Boston health officials are issuing a dire COVID warning ahead of New Year’s Eve

Boston health officials are issuing a dire COVID warning ahead of New Year’s Eve

Public health officials in Boston issued a stark COVID-19 warning Friday ahead of this weekend’s New Year’s Eve celebration, saying rising levels of the coronavirus and flu are expected to continue into the New Year.

The Boston Public Health Commission’s warning comes after local school administrators asked students and staff to wear masks when they return from winter break next week. And just as hospitals are experiencing “significant pressure”, the Commission said, hundreds of thousands are expected to flock to the city this weekend for First Night events.

“We are experiencing a significant increase in viral wastewater concentrations and hospitalizations due to COVID-19 along with a continued high number of flu cases and hospitalizations. We expect this trend to continue until January,” said the city’s Public Health Commissioner, Dr. Bisola Ojikutu. “Our hospitals are already under great pressure. Indoor masking and vaccinations are strongly recommended and will protect you from serious illness and support our health system.”

There were 296 new virus-related hospitalizations as of Thursday, a 23% increase over the past week and a 44% increase over the past two weeks. The total number of hospitalized patients and new hospital admissions are the highest numbers the city has recorded since February 2021, according to the commission.

The concentration of COVID-19 in local wastewater has also increased by 61% in the past week and 78% in the past two weeks. It comes as the state Department of Public Health he reported on Thursday 8,327 new cases, 361 hospitalizations related to COVID, and 113 deaths related to the virus during the past week.

At the same time, Boston Public Schools Superintendent Mary Skipper sent a letter informing families that the district plans to adopt “temporary masking” between Jan. 4 and Jan. 13, though she emphasized that the new policy is not a mandate.

“This is our request and expectation of students and staff, not a mandate — that will be in place during the school day on school premises and on school buses,” she said, adding, “no one will be disciplined or sent home if they refuse wear a mask.”

Skipper said the previous effects of significant understaffing, student absences and the loss of “critical learning time” led to the decision to change the school’s policy.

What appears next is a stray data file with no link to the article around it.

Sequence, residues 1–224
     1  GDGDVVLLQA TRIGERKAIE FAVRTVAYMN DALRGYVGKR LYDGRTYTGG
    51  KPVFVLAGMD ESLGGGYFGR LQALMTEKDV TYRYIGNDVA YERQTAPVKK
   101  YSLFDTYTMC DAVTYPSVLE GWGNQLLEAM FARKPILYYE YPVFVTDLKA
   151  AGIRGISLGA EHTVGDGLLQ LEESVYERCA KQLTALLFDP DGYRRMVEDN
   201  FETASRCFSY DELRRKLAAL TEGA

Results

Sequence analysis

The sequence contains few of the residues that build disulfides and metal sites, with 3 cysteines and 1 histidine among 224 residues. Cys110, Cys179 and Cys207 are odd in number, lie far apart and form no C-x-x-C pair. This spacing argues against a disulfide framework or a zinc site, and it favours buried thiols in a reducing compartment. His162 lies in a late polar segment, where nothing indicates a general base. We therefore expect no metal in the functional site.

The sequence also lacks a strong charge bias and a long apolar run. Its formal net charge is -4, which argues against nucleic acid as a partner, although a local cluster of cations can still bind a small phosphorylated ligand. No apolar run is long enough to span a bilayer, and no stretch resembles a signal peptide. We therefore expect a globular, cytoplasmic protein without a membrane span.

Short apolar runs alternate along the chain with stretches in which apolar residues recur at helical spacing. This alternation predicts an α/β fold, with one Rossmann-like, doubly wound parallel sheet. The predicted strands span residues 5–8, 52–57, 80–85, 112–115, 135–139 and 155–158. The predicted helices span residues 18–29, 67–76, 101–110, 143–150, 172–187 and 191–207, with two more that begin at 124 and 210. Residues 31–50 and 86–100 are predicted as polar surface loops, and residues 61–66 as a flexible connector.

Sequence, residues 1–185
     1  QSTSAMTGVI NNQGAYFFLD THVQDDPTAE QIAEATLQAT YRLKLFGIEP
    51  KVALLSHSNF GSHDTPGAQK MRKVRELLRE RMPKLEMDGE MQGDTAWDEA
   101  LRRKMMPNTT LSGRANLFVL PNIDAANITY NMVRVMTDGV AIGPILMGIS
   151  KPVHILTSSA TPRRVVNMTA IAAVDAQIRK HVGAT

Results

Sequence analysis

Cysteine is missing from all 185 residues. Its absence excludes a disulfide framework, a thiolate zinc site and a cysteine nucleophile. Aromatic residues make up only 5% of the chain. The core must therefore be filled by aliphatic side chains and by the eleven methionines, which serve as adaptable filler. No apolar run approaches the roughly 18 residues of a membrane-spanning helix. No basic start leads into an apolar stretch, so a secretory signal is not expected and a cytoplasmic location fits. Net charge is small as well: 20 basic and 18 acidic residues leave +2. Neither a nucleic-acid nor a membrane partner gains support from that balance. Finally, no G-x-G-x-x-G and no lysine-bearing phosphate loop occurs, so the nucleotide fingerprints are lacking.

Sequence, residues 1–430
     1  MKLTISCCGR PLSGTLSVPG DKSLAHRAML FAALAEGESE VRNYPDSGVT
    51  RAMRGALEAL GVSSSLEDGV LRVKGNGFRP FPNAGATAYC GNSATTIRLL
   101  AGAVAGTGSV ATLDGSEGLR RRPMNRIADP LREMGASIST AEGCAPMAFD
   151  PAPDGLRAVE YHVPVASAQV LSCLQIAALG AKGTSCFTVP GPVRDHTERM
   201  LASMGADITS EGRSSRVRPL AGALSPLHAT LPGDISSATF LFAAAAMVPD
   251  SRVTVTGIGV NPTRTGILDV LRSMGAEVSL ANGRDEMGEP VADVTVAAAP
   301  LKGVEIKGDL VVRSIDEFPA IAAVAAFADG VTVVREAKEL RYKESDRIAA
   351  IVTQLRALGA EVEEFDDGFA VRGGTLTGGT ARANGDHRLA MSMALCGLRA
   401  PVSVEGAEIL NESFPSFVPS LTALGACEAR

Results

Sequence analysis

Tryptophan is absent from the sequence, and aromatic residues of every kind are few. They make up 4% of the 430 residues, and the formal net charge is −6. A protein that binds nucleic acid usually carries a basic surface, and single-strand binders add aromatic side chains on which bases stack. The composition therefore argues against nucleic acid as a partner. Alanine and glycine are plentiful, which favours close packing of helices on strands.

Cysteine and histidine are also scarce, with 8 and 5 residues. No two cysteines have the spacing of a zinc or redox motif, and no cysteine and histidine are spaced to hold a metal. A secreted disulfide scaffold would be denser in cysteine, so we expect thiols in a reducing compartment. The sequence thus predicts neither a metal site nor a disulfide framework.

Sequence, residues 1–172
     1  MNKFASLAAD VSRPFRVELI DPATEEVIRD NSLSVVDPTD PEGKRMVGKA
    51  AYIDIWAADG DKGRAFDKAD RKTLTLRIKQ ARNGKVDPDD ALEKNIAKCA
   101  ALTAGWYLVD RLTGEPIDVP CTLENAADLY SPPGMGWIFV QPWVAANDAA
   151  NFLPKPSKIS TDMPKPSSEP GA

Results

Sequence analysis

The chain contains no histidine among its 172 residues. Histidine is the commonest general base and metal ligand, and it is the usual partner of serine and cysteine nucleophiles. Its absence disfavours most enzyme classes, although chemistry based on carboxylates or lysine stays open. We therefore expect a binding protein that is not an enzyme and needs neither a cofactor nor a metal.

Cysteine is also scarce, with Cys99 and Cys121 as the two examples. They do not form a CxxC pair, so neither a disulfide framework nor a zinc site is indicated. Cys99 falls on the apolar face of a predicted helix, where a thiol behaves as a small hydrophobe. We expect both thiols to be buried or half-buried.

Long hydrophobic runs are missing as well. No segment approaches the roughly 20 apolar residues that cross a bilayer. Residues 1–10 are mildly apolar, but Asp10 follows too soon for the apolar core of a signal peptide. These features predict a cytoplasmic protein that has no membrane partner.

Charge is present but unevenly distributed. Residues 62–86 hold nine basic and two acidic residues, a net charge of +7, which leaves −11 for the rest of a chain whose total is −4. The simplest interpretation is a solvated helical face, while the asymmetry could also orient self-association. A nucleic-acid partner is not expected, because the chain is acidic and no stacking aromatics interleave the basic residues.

Students were also asked to get tested for COVID-19 on the evening of Jan. 3 or the morning of Jan. 4, before the school day begins. Staff have been asked to get tested before returning to work on January 3.

This time last year, Skipper said, Boston schools experienced the biggest wave of COVID-19, resulting in absenteeism that made it “almost impossible” for all schools to be open. A daily average of 1,200 staff members and 8,500 students were absent last January, Skipper said.

The new policy, she said, will help reduce the spread of COVID-19, influenza and RSV.

“The data shows that these diseases disproportionately affect black and brown families in our city,” Skipper said in a statement. “While this is not a mandate, we really rely on everyone to work together to follow our interim protocol to ensure that we are collectively doing our part to reduce the risk of exposure for our students and staff in an effort to keep everyone as safe as we can.”

Citywide, health officials said, use of the new divalent booster Omicron remains low. Eighty-one percent of residents are fully vaccinated, but only 13% have received a new booster, leaving them “vulnerable to a breakthrough infection,” the commission said.

“The new boosters are critical to maintaining the broadest level of protection against the COVID-19 virus and its variants,” officials said in a statement. “[The commission] strongly encourages everyone 6 months and older to get a bivalent booster as soon as possible to reduce the risk of infection and serious illness.”

And while Boston is grappling with rising COVID numbers, it’s also dealing with worrisome flu rates, the commission said. Since October 1, there have been 4,296 confirmed cases of the flu, including 739 between December 17 and 23.

The flu peak came “much earlier than usual,” the Boston Public Health Commission said, and was “significantly” higher than last year. Only 38% of the state’s residents received the flu shot this year, according to state data.

“The 2022 flu season has so far been of particular concern,” the Commission said.

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